Travis Scott Talks 'Raging' in Resurfaced Video: 'Always Wanted to Make It Feel Like It Was the WWF'

Eight people died at the rapper's Astroworld Festival in Houston on Friday night

Travis Scott performs on day one of the Astroworld Music Festival at NRG Park, in Houston 2021 Astroworld Festival - Day One, Houston, United States - 05 Nov 2021
Travis Scott. Photo: Amy Harris/Invision/AP/Shutterstock

Travis Scott has long been known for his high-energy concerts, often encouraging fans in the crowd to, as he calls it, "rage" alongside him.

But after the rapper's Friday night set at the Astroworld Festival in Houston turned deadly, his long-standing support of "raging" has come under scrutiny.

In a 2015 GQ video titled "How to Rage with Travis Scott" that has resurfaced in the wake of the tragic deaths of eight concertgoers, the "Sicko Mode" rapper explains that his energy comes from a childhood love of wrestling.

"Since I was 6, I wanted to be a f—ing wrestler," he says. "So in performances, I always wanted to make it feel like it was the WWF or some s—."

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Scott, 30, goes on to explain that he hopes to spread "raging and having fun and expressing good feelings" "across the globe" — whether he has a stage to work with or not.

"I just need air and a mic. I don't need a stage to f—ing perform, no. We just need something to stand on — it could be somebody," he says with a laugh. "I just need a platform. We don't like people that just stand, whether you're Black, white, brown, green, purple, yellow, blue. We don't want you standing around, like, this is a no-stand zone."

The rapper, who is expecting his second child with girlfriend Kylie Jenner, then encourages fans to "find anything you're gonna use to consume to get you lit," and lists various substances, including drugs, water, orange juice and alcohol.

"Whatever you want to do, man, get it in and you just have fun," he says, before encouraging fans to put their cell phones away in order to better enjoy the show. "At the end of the night, you should be f—ing throwing up."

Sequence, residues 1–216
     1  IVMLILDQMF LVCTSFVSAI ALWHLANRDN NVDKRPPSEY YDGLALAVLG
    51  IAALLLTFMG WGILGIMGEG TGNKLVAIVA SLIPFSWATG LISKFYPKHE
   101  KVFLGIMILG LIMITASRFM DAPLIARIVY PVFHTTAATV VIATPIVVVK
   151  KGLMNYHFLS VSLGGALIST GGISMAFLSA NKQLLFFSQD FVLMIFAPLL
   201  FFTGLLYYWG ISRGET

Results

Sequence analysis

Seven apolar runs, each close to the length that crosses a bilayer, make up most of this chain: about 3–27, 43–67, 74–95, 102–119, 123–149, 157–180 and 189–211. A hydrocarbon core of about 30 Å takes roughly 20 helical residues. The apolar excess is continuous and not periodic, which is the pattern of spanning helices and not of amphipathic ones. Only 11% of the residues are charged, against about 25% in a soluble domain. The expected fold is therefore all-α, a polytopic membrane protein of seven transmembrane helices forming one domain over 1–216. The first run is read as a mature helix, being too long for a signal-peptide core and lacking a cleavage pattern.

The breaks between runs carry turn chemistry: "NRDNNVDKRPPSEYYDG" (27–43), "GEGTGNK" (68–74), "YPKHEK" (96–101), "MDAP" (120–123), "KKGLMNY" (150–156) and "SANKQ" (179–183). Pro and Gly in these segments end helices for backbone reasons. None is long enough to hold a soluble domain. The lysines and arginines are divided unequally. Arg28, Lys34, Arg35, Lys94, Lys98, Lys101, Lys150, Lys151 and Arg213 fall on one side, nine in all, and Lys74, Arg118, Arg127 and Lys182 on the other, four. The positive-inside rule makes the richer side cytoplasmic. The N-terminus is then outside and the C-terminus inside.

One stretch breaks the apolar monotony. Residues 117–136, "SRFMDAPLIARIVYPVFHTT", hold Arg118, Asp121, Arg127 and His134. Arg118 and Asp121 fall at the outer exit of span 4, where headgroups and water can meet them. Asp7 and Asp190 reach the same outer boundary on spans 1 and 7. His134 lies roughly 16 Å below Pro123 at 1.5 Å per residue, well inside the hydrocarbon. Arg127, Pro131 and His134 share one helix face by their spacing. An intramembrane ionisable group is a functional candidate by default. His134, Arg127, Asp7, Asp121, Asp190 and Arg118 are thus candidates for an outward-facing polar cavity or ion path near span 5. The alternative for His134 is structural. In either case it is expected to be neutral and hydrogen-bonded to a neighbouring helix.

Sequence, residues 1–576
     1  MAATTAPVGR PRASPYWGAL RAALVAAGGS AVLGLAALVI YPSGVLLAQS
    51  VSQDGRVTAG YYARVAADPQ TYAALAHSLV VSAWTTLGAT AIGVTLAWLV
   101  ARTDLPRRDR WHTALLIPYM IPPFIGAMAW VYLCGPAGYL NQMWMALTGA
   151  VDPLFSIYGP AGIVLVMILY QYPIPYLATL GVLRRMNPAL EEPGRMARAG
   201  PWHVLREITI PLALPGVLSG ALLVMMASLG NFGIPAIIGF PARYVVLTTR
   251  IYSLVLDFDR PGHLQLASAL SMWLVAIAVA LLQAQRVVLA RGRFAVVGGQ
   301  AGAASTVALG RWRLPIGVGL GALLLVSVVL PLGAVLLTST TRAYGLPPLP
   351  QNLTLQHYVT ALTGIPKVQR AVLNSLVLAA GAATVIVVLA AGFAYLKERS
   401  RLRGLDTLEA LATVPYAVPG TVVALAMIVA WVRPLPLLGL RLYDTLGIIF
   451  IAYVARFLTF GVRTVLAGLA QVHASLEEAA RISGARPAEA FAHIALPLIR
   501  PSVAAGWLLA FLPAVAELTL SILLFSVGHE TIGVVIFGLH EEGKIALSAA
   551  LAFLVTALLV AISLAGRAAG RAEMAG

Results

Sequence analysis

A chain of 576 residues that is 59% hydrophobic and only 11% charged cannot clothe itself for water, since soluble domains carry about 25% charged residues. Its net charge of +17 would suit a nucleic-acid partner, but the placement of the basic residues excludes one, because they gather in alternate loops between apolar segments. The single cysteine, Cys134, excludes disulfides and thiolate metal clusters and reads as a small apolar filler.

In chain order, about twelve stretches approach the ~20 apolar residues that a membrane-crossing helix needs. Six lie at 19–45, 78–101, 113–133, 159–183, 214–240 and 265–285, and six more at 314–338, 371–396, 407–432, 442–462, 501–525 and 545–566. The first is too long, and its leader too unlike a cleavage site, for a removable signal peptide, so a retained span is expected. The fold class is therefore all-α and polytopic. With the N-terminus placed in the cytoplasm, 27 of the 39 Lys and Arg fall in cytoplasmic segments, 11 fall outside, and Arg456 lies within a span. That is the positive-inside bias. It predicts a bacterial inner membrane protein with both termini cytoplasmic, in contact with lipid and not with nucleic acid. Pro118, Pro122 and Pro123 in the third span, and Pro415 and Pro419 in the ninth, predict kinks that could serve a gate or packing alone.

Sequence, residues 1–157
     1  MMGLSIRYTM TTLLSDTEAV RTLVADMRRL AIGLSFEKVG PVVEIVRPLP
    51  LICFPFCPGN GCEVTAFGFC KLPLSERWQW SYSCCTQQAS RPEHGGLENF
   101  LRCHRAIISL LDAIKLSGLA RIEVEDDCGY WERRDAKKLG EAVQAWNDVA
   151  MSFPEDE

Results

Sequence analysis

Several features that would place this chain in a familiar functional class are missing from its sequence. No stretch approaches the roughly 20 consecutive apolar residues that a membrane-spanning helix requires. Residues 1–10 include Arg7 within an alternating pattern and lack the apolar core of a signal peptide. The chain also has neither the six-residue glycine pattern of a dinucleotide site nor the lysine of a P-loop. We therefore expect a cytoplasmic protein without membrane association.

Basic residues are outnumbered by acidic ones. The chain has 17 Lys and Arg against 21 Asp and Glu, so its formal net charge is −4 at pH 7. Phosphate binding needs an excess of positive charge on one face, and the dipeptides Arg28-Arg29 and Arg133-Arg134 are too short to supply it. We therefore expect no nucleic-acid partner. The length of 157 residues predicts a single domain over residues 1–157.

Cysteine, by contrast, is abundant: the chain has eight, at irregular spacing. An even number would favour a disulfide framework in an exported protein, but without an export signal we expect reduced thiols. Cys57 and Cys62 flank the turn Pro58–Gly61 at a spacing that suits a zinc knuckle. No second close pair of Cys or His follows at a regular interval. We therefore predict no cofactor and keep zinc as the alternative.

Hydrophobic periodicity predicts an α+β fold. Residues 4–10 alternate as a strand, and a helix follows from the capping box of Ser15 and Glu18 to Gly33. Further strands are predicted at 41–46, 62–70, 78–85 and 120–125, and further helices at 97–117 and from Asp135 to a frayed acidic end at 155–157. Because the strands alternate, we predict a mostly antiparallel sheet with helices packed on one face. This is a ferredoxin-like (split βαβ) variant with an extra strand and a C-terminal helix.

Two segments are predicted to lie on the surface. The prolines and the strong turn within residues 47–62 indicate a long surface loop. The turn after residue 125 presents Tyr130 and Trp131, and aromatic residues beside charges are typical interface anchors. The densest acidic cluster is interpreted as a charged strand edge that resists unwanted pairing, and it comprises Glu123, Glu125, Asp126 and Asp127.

Scott was arrested and charged with disorderly conduct in 2015 after encouraging fans at Lollapalooza to climb over security barricades and rush the stage. The performance was shut down within five minutes after dozens of fans joined him on stage, per Chicago's ABC7.

Two years later, he was arrested for allegedly inciting a riot during a concert in Arkansas, and later pled guilty to disorderly conduct.

Eight people, ranging in age from 14 to 27, died at Scott's Astroworld Festival in Houston on Friday night, and more than 300 were treated for injuries amid chaos that unfolded around 9:15 p.m.

Police are investigating, and no charges have been brought, though reports indicate that fans in the crowd of about 50,000 began to rush the stage during Scott's headlining set, which featured an appearance by Drake.

RELATED VIDEO: Astroworld Organizers Noted 'Ever-Present Threat' of 'Mass Casualty Situation' Months Ago: Report

Houston Police Chief Troy Finner said in a statement on Monday that he met with Scott and his head of security "for a few moments" before he went on stage.

"I expressed my concerns regarding public safety and that in my 31 years of law enforcement I have never seen a time with more challenges facing citizens of all ages, to include a global pandemic and social tension throughout the nation," Finner wrote. "I asked Travis Scott and his team to work with HPD for all events over the weekend and to be mindful of his team's social media messaging on any unscheduled events. The meeting was brief and respectful, and a chance for me to share my public safety concerns as Chief of Police."

Some of those in the crowd at NRG Park on Friday night have since blamed Scott, alleging that he continued to perform even after seeing distraught and injured fans in the audience.

David McGilver, 20, who attended the show, told PEOPLE that he suffered a sprained ankle as well as bruises to his leg and rib — and felt as though he "was going to die."

"I remember me being on the ground and the music stopping and I could hear him say, 'Y'all know what y'all came here for?' And you can hear everybody screaming out for help," McGilver said. "And then the music just plays back again. I just don't understand how you can hear everyone screaming out for help and not stop the show at all."

He continued, "It was very scary because I've never heard people like screaming out for their moms, screaming out for cops like that. I've never just been in that type of environment where people the same age as me or older were just terrified. I was terrified myself because I couldn't breathe."

A source close to Scott previously told PEOPLE that the rapper was unaware of the magnitude of the situation, as "the lights were shining in his eyes and he couldn't see what was happening."

Scott said that he was "honestly just devastated" by the night's events, and on Monday, announced that he would cover all funeral costs and provide further aid to those affected by the tragedy.

He also announced a partnership with BetterHelp to supply free one-on-one online therapy to help those in need.

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